Amazingly, I still have some photos from this Booker, TX storm back in 2013 that I never actually processed…so last night I got motivated to edit this one! It’s one of the best storms I’ve ever seen, and my buddy Andy Hoeland and I still can’t believe we were there to witness this amazing supercell.

West of Tonopah

I was in Avondale when storms looked to be dying out, but way out west I thought I saw a base just hanging out there...so I went for it. Finally as we neared Tonopah the cloud tops went up and the bolts started raining down. One of the most incredible lightning shows I've seen. Lasted for 45 minutes, created strong dusty outflow and had some amazing colors.
(please click to view on black // canon 5d mark ii, rokinon 14mm f/2.8, iso 400, f/5.6, 3.2 sec // buy print)

**You can use coupon codex “chase2015” for 25% off prints all summer long**

One of those times you drive towards a storm base without much hope, and then it explodes to 40k ft right at sunset and you witness an incredible lightning show for 45 minutes. Shot this west of Phoenix near the town of Tonopah a few nights ago.

This is a frame from a 352-image time-lapse…gotta be one of the best lightning time-lapses I’ve shot. So many CG’s for the life of this storm that lasted almost 45 minutes. Plus the colors, a huge dust outflow…was amazing.

Got tons of shots with the 50mm too, can’t wait to share some! Probably will save the time-lapse itself for when Monsoon II comes out

Artesia II

A beautiful supercell rotates over the deserts southwest of Artesia, New Mexico.
(please click to view on black // canon 5d mark iii, rokinon 14mm f/2.8, iso 100, f/8, 1/60th // buy print)

Here’s a shot from May 23rd, 2014 that I never edited. Taken southwest of Artesia, New Mexico. We had been striking out on solid supercell structure the first few days of our chase trip, so this gorgeous little LP storm had us jumping up and down.

Headed back to the plains Friday night…cannot wait.

Across the Sky

A lightning bolt seems to travel all the way across the sky and slams into the ground near Goodland, Kansas on April 15th, 2015. In reality this may have been a few different strikes unrelated to each other, but it's hard to tell. In the middle of the photo right on the horizon is a supercell and a small wall cloud that spawned a funnel cloud a bit later.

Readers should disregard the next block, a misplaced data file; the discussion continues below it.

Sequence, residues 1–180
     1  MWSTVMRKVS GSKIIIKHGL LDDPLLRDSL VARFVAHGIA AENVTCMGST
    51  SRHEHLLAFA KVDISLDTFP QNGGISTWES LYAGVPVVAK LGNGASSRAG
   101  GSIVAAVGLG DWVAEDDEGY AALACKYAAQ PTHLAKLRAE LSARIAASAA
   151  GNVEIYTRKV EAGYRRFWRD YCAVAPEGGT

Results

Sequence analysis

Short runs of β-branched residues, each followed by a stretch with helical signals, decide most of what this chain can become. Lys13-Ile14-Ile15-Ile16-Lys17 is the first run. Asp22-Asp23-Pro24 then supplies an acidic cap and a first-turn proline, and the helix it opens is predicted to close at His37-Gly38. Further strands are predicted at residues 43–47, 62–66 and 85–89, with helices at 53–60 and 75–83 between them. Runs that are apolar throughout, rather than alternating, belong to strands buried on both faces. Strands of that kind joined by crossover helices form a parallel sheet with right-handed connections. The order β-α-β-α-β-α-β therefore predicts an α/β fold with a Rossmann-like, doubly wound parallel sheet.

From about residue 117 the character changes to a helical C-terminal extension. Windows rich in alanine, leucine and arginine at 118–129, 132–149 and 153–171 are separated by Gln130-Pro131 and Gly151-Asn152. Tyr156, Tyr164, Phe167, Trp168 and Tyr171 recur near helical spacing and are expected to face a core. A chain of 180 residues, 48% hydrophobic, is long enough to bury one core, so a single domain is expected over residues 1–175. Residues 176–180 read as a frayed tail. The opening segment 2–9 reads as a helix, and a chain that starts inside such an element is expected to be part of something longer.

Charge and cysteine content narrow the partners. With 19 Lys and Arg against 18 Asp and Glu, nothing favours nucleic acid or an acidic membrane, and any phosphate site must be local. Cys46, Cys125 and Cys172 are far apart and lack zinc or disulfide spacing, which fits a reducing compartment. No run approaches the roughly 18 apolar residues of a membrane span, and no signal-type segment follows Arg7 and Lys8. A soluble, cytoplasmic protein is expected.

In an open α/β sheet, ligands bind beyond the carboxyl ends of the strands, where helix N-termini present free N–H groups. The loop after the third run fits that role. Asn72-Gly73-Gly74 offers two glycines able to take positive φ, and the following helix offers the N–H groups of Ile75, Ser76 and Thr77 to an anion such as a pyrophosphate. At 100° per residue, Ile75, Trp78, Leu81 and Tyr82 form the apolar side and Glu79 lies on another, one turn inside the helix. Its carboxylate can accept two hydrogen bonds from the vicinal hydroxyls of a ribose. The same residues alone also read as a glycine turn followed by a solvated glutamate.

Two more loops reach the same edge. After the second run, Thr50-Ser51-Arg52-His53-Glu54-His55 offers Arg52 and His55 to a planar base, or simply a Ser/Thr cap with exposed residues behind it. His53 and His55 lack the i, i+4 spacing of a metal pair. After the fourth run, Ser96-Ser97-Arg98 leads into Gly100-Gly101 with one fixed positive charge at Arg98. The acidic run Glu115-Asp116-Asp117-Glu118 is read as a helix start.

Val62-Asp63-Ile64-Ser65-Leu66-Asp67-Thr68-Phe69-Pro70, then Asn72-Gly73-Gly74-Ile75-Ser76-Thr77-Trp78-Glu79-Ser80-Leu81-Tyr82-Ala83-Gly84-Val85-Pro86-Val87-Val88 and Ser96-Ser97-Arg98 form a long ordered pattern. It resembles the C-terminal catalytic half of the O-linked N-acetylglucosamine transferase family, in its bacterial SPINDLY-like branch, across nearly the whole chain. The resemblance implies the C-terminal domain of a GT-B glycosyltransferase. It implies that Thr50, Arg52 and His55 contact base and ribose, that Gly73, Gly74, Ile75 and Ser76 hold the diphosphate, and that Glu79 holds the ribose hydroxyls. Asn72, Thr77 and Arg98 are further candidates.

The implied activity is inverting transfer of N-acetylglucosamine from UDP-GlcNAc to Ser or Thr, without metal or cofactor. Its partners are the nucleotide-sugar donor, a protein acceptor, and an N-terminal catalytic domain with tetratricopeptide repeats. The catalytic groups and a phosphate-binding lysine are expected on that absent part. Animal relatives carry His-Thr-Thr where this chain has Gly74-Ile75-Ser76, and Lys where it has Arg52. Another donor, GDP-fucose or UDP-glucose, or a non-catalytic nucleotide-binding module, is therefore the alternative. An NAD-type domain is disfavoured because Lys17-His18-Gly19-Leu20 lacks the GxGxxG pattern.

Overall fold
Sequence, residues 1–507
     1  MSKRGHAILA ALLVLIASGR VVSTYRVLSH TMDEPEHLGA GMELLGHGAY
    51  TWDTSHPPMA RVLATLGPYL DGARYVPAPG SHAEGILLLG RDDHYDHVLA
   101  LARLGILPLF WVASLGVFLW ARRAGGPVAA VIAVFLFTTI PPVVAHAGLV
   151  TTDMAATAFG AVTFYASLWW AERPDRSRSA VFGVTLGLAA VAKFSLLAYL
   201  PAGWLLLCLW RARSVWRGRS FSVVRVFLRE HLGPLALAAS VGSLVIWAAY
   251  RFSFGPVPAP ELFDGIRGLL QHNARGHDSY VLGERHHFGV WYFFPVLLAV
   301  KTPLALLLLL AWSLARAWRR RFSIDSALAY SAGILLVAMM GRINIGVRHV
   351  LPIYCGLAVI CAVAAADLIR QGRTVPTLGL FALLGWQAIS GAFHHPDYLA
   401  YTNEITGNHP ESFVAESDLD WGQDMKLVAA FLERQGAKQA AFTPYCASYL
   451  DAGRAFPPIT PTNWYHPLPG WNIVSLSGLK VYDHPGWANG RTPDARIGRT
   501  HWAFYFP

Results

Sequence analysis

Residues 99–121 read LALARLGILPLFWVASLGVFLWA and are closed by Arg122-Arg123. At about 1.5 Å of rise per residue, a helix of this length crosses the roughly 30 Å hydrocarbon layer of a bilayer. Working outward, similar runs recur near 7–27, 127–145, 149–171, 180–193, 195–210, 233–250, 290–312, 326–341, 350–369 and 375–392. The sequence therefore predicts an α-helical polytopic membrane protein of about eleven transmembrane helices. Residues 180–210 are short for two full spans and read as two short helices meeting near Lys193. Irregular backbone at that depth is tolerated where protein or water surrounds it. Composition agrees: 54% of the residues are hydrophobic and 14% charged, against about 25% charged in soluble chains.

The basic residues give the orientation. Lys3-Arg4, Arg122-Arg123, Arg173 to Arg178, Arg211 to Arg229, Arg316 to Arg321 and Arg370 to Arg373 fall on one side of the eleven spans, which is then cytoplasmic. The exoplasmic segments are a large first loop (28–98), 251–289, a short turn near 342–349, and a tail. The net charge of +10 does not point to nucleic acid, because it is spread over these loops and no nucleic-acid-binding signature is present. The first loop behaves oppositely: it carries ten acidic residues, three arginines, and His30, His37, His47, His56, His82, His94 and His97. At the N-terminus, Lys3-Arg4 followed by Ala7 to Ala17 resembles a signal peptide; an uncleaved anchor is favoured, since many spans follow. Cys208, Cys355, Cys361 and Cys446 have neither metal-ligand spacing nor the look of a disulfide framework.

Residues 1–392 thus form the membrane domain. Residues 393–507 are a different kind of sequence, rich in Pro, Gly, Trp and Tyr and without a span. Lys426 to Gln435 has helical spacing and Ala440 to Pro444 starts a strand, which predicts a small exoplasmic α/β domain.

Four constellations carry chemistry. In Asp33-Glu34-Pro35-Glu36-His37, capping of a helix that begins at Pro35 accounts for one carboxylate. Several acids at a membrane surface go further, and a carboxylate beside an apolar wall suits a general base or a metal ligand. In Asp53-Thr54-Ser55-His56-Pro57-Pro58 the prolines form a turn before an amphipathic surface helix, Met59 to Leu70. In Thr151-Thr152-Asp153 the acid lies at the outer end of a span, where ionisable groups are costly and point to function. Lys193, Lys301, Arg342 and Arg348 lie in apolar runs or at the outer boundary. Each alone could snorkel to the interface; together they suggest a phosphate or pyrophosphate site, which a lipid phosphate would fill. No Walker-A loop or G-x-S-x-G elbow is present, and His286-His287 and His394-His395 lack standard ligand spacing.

A lightning bolt seems to travel all the way across the sky and slams into the ground near Goodland, Kansas on April 15th, 2015. In reality this may have been a few different strikes unrelated to each other, but it’s hard to tell. In the middle of the photo right on the horizon is a supercell and a small wall cloud that spawned a funnel cloud a bit later.

Headed out to the plains in three days! Cannot wait!

 

The Alanreed Supercell

Alanreed Supercell
(please click to view on black // canon 5d mark iii, rokinon 14mm f/2.8, iso 100, f/8, 1/40th // buy print)

Storm chasing can be frustrating and fruitless. Or it can be magnificent and incredibly rewarding. On April 16th of this year, I was able to chase solid structure for almost six hours. So many time-lapses and photos. It was just one of those days that keeps you coming back for more.

This storm earlier spawned a brief tornado near Groom, Texas. It moved to the east/northeast across the rolling farmlands…I caught up to it once again here just north of Alanreed. The hail core and structure was gorgeous. After the clouds nearly passed over me, I got back south and blasted east to chase it again.

More to come!

Let’s go places

Let's go places
(please click to view on black // canon 5d mark iii, rokinon 14mm f/2.8, ISO 3200, f/2.8, 20 seconds // buy print)

Last Tuesday I left my house around 4pm for Colorado and two days of chasing storms. Around 3 in the morning I couldn’t go any further, so I pulled over at a parking area north of Las Vegas, New Mexico to grab a few hours sleep.

A perfect spot to grab a shot of Vera II against the Milky Way. Loved how dark it was here…not to mention open and flat. Standing there, seeing the stars blaze in the sky like you don’t usually living in a big city…is always awe-inspiring.